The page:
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Fire-EMS Spotlight
by Jim Sideras

Evaluating and Treating Carbon Monoxide Poisoning

By Jim Sideras


AP Photo/Steve Helber
A police officer stands guard as residents of an apartment building where several students were overcome by carbon monoxide remove belongings in Blacksburg, Va., last August.
The latest technology showing up on the market allows medical providers to monitor levels of carbon monoxide in a patient. But before we discuss the benefits of these advances, we must understand the pathophysiology of carbon monoxide — essentially how it works and affects the body.

As a brief, initial overview, CO poisoning is the most common exposure poisoning in the United States and the rest of the world. It is an odorless, colorless gas that can cause sudden illness and death. As it is found in fumes from combustion, CO is produced from a variety of sources such as vehicles, gasoline engines, camp stoves, lanterns, burning charcoal and wood, gas ranges, heating systems and poorly vented chimneys. Structural fires are another common source of CO exposure for both victims and firefighters.

CO poisoning is commonly seen during cold weather because people spend more time in their homes, a time when they are better insulated, which keeps CO in the home. However, it's important to remember that CO poisoning can be experienced throughout the year.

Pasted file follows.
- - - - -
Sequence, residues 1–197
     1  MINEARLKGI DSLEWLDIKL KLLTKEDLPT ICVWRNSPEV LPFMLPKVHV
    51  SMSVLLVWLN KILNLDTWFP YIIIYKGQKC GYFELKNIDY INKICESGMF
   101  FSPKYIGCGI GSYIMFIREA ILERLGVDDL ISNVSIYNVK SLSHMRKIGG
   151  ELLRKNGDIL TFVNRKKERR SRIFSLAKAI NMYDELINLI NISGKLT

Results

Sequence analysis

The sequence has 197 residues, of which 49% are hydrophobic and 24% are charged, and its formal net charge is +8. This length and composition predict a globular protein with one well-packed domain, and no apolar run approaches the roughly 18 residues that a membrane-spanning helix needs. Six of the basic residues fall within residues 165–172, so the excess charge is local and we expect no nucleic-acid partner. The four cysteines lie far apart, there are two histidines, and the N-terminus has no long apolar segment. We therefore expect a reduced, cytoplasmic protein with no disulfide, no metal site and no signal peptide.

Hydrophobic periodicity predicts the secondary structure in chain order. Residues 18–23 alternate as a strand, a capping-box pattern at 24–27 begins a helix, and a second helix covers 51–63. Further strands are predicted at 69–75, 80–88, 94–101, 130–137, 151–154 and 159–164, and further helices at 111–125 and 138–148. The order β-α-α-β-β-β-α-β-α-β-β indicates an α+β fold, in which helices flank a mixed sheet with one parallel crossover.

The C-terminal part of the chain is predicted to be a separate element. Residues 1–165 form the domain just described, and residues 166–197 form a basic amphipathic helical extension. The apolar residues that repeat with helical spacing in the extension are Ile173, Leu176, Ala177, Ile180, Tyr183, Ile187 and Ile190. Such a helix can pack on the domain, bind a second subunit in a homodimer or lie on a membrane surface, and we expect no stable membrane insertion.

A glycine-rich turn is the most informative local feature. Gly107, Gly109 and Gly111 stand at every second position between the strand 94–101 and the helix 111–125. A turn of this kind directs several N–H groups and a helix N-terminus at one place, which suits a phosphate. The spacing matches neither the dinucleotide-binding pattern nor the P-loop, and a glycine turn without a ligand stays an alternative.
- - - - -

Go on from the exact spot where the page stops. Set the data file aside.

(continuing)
Pathophysiology of carbon monoxide
CO toxicity causes impaired oxygen delivery and utilization at the cellular level. It aggressively competes with oxygen for the limited oxygen-binding receptor sites on hemoglobin in the red blood cell. Because it has a greater affinity to the blood cell than oxygen, a CO molecule will bind to hemoglobin 200 times stronger than that of oxygen. As a person is exposed to more CO, the level of CO attached to the blood — carboxyhemoglobin — increases. This makes the red blood cell incapable of transporting oxygen throughout the body. Once the ability to transport oxygen is lost, the body can not survive without medical intervention.

CO poisoning has adverse effects on all systems of the body. Simply put, the body needs oxygen — and that critical element is being displaced from the hemoglobin by CO. One of the most important systems impacted is the central nervous system. A person exposed to CO may have symptoms such as headaches, confusion and dizziness. As the level of CO increases, the person may have seizures or even go into a coma.

It is also important to know that CO can impact cardiovascular systems, which would present such symptoms as chest pain, dysrhthmias, myocardial ischemia and possibly ventricular fibrillation. This is significant when considering that firefighters may already be at risk for a cardiac event.

Signs and symptoms
The signs and symptoms of CO poisoning often are similar to other illnesses, which may lead to a misdiagnosis by medical providers. Prehospital providers need to be aware of these symptoms and how they may present with patients experiencing elevated levels of carboxyhemoglobin. These symptoms include any of the following: